The lesson: Praising Saddam can make a candidate’s image go from Baath to worse.

Brian Snyder / Reuters

The candidate: Donald Trump

The gaffe: On Monday, the Supreme Court struck down a Texas law restricting abortion clinics, a landmark in the decades-long battle over abortion. Yet Donald Trump was strangely quiet, not saying anything about the decision, which upset many Republicans. On Thursday, he finally weighed in. “Now if we had [the late Supreme Court Justice Antonin] Scalia was living or if Scalia was replaced by me, you wouldn’t have had that. Okay? It would’ve been the opposite,” the presumptive GOP nominee said in a radio interview. The problem here is that the ruling was decided 5-3, so that either with a live Scalia or a Trump appointee, the math doesn’t add up.

The defense: The Court isn’t always subject to simple math—a jurist as brilliant as Scalia could perhaps have convinced another justice to join him—but there’s no indication that’s what Trump meant.

Why it matters (or doesn’t): The Supreme Court vacancy remains one of Trump's most potent talking points. Even some conservatives who fiercely dislike him would rather have him appointing justices than Hillary Clinton, who could hand lifetime appointments to liberals with long-reaching consequences. So it’s not a surprise that Trump would speak strongly about it. Still, the delay in response, followed by a questionable comment, can’t instill much confidence about his understanding of the justice system. Not that he’s alone: Bernie Sanders and Mike Huckabee have also delivered some howlers about how the Supreme Court works during this election cycle.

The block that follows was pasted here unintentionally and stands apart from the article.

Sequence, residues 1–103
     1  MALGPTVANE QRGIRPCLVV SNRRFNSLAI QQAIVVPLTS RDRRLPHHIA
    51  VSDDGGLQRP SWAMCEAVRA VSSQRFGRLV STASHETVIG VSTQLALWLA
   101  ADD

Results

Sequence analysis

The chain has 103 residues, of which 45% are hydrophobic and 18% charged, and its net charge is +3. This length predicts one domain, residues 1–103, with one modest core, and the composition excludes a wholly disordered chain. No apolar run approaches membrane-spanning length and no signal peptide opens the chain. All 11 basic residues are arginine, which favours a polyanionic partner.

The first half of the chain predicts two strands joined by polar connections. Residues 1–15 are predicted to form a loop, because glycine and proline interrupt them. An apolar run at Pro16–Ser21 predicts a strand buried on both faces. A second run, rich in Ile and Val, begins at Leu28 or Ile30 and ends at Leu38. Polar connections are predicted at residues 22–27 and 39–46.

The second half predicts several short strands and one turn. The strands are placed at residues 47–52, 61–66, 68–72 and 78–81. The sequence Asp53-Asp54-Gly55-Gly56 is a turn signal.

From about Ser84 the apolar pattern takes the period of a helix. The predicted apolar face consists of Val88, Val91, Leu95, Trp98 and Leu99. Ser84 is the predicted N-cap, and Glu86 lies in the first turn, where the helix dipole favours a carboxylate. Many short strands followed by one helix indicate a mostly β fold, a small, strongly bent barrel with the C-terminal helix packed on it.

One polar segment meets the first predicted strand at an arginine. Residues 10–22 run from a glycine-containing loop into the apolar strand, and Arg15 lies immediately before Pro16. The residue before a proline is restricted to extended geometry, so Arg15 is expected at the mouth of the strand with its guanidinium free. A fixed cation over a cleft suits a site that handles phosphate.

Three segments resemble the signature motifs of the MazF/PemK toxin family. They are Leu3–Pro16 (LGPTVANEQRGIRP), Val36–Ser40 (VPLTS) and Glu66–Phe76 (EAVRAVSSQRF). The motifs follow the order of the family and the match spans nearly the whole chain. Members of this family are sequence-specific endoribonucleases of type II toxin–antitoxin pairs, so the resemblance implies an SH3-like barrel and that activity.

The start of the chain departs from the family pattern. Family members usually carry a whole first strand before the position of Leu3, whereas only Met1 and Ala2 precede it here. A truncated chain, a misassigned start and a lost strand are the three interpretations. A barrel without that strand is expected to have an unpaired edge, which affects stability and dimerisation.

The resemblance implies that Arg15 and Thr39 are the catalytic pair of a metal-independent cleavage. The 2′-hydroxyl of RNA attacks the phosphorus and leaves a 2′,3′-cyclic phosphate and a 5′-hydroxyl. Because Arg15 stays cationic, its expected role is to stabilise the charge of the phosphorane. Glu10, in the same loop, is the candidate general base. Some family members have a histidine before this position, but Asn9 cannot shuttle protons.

The lesson: Justice is blind, but she isn’t innumerate.

Clodagh Kilcoyne / Reuters

The candidate: Donald J. Trump

The gaffe: Trump arrived in Scotland hot on the heels of the Brexit vote last week, ready to promote his Turnberry golf resort. He cheerily reported:

Och, ye daft minger. As my colleague James Fallows wrote, although the “Leave” side won, the Scots voted heavily for “Remain.”

The defense: How should Trump tell the difference between Scotland and the United Kingdom as a whole? It’s not as if Trump has claimed a special affinity for Caledonia, his mother’s native land.

Why it matters (or doesn’t): The comment—along with Trump’s admission that he hadn’t spoken with foreign policy advisers about the Brexit vote—simply reinforces the idea that Trump knows nothing about, and moreover has no interest in learning about, policy issues. It shouldn’t hurt his standing with the Scots, though: They already despise him.

The lesson: When ye dinnae ken whit yer talkin aboot, haud yer wheesht.

The candidate: Donald Trump

The gaffe: “Look at my African American over here!” Trump said in Redding, California, pointing to a man in the crowd. The comment came as the Republican nominee predicted strong black support and noted that an African American supporter had slugged a protestor at a previous event.

The defense: Despite sounding like a hilarious bowdlerized version of a rap lyric, this is in some ways genuine progress. Trump typically speaks about African Americans only as an abstract, distant group, and he usually uses the definite pronoun “the” rather than the possessive “my.”

Why it matters (or doesn’t): Trump is pioneering new levels in “Did he really say that?” Less offensive than some of his comments this week, this one is just jaw-droppingly weird. It’s not a coincidence that 89 percent of black voters in a recent CBS/New York Times poll backed Clinton, versus just 5 percent for Trump.

The lesson: If Trump wants more than one black supporter, he must refine his approach.